Course Hero. "The Great Gatsby Study Guide." Course Hero. 25 Aug. 2016. Web. 23 Jan. 2019. <https://www.coursehero.com/lit/The-Great-Gatsby/>.
Course Hero. (2016, August 25). The Great Gatsby Study Guide. In Course Hero. Retrieved January 23, 2019, from https://www.coursehero.com/lit/The-Great-Gatsby/
(Course Hero, 2016)
Course Hero. "The Great Gatsby Study Guide." August 25, 2016. Accessed January 23, 2019. https://www.coursehero.com/lit/The-Great-Gatsby/.
Course Hero, "The Great Gatsby Study Guide," August 25, 2016, accessed January 23, 2019, https://www.coursehero.com/lit/The-Great-Gatsby/.
In Chapter 4 of The Great Gatsby, what's significant about the list Nick Carraway created while living next door to Gatsby with regard to the theme of superficiality versus truth?
In the opening of Chapter 4, Nick Carraway talks about a list he wrote the summer he was living in the East. His list includes the names of people from both East Egg and West Egg who attended Jay Gatsby's parties. As Nick himself notes, these people accepted "Gatsby's hospitality and paid him the subtle tribute of knowing nothing whatever about him." The fact that Nick took the time to put this list together—that he thought about who was regularly attending Gatsby's parties and stopped to consider who did or did not know Jay even as they accepted his hospitality—is suggestive of Nick's ongoing struggle with the superficiality of many of the people around him. In addition to objecting to some people's bad behavior, Nick seems to be making a stand for his own values, including honesty, and the quality that they can add to one's life. On some level, even if he has not verbalized it to himself yet, he knows that good and lasting relationships can exist only when there is honesty—and that may be what he is beginning to crave.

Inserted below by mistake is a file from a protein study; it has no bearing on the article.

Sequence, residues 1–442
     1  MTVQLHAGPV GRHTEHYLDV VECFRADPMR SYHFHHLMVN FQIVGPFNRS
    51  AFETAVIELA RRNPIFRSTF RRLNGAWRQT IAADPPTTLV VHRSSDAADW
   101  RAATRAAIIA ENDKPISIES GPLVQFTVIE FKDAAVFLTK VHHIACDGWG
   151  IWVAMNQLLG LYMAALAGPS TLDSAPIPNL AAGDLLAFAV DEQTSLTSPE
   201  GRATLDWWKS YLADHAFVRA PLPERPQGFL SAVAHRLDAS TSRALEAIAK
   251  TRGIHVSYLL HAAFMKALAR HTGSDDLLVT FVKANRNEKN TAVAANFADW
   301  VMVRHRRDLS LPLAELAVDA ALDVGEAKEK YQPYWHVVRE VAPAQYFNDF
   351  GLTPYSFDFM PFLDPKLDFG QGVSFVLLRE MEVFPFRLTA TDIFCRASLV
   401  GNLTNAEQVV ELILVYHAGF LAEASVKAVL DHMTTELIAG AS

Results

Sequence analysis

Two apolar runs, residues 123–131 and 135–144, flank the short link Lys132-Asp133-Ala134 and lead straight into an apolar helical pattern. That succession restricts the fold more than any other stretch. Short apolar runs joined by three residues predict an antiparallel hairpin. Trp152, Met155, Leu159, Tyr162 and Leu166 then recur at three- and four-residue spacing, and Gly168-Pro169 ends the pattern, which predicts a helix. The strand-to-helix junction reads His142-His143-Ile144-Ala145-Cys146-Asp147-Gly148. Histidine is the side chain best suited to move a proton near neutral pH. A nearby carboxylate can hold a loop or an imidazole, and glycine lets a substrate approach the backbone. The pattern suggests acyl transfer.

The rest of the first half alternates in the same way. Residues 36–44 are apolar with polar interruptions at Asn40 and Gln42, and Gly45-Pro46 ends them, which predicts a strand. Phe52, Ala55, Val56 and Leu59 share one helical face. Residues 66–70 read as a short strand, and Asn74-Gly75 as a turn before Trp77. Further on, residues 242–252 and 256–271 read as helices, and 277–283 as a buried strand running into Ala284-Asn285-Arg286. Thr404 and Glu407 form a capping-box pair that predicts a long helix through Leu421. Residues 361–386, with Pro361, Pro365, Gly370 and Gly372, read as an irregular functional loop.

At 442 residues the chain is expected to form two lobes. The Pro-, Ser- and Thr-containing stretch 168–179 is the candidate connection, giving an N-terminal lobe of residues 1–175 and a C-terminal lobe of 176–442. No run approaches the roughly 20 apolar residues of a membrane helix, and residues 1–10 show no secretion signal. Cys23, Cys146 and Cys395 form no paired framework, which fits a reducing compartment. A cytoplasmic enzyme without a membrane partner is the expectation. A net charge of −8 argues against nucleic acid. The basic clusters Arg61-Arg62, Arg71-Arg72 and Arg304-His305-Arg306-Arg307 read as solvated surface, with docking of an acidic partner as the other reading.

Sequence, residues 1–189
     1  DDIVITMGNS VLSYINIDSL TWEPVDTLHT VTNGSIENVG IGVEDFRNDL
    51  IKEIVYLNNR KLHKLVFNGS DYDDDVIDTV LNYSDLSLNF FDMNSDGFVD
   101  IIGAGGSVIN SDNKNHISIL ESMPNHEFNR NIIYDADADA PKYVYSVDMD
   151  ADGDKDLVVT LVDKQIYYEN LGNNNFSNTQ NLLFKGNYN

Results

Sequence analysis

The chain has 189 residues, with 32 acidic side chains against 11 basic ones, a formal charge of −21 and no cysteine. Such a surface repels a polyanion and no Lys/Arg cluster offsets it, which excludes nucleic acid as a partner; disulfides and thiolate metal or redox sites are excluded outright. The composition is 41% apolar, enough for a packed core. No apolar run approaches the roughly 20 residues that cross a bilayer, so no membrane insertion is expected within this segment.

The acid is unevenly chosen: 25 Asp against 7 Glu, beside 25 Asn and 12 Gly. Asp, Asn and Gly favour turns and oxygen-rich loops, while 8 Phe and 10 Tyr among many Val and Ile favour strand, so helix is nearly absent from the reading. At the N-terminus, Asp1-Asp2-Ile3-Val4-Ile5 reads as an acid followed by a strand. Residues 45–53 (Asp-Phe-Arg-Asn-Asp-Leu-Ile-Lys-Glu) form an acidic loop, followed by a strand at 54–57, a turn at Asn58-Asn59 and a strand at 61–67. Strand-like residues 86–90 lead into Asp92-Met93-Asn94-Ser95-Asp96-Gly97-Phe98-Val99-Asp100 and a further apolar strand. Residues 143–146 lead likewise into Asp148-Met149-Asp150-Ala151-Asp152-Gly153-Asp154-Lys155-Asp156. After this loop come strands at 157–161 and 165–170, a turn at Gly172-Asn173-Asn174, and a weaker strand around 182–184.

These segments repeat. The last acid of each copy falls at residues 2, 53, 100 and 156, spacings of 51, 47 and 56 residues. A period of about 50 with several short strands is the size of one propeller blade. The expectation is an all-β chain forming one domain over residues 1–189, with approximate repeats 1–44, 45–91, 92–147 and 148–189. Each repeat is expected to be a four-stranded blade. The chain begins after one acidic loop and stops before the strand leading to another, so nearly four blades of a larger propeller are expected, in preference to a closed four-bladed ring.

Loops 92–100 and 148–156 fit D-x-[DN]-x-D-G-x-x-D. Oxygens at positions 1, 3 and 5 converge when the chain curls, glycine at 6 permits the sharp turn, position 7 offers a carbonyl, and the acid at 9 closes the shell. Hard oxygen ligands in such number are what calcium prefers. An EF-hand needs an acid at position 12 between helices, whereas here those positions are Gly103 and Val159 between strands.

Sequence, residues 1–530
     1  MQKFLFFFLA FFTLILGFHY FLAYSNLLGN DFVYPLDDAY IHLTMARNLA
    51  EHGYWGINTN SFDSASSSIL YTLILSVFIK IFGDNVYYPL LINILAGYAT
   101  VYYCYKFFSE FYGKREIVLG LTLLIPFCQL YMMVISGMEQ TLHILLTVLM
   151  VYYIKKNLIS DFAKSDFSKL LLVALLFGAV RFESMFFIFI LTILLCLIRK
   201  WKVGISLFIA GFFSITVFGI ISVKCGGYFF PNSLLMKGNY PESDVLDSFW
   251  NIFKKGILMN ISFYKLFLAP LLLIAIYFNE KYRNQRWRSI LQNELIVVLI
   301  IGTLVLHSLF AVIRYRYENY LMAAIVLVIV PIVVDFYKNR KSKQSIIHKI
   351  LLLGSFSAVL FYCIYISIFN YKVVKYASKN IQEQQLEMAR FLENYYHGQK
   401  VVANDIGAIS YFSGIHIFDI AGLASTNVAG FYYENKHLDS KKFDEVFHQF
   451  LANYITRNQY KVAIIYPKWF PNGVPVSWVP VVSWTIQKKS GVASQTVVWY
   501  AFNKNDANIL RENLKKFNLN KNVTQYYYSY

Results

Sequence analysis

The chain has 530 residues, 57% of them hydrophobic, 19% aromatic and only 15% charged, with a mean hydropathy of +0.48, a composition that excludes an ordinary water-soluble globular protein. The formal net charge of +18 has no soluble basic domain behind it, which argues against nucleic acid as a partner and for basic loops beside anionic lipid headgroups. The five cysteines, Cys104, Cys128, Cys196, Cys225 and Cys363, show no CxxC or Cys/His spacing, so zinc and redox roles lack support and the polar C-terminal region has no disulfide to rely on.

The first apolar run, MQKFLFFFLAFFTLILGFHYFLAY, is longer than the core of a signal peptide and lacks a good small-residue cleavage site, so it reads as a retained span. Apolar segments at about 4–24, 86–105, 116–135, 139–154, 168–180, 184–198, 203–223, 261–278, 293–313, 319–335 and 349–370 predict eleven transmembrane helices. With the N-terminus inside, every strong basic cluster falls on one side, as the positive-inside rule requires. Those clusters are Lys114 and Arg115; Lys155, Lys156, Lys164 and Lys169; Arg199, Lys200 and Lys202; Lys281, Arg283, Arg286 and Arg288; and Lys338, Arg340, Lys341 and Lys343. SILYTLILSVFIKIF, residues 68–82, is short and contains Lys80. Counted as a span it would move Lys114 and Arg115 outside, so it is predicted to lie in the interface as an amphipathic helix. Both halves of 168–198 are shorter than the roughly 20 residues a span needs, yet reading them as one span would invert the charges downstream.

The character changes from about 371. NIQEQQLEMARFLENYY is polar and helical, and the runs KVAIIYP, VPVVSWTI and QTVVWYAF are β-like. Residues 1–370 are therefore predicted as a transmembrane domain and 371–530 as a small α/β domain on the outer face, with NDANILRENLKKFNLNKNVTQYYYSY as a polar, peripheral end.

What does Nick Carraway realize may be the reason Jay Gatsby invites Meyer Wolfsheim to lunch in Chapter 5 of The Great Gatsby?
To Nick's dismay, he discovers that Gatsby may be more like the others—the Tom and Daisy Buchanans of the world—than not. When Gatsby invites both Nick and Wolfsheim to lunch, it is supposed to be just a friendly gathering. Only later, when Nick has agreed to set up the meeting for Gatsby and Daisy at his house, does Wolfsheim come up again—along with the possibility of a business connection for Nick. It is then that Nick sadly realizes that the lunch with Wolfsheim was Gatsby's way of returning a favor out of obligation. Nick questions whether he has more invested in the relationship with Gatsby than Gatsby does, and, certainly, it must be the point at which he begins to question the depth of any relationship he has formed in the East.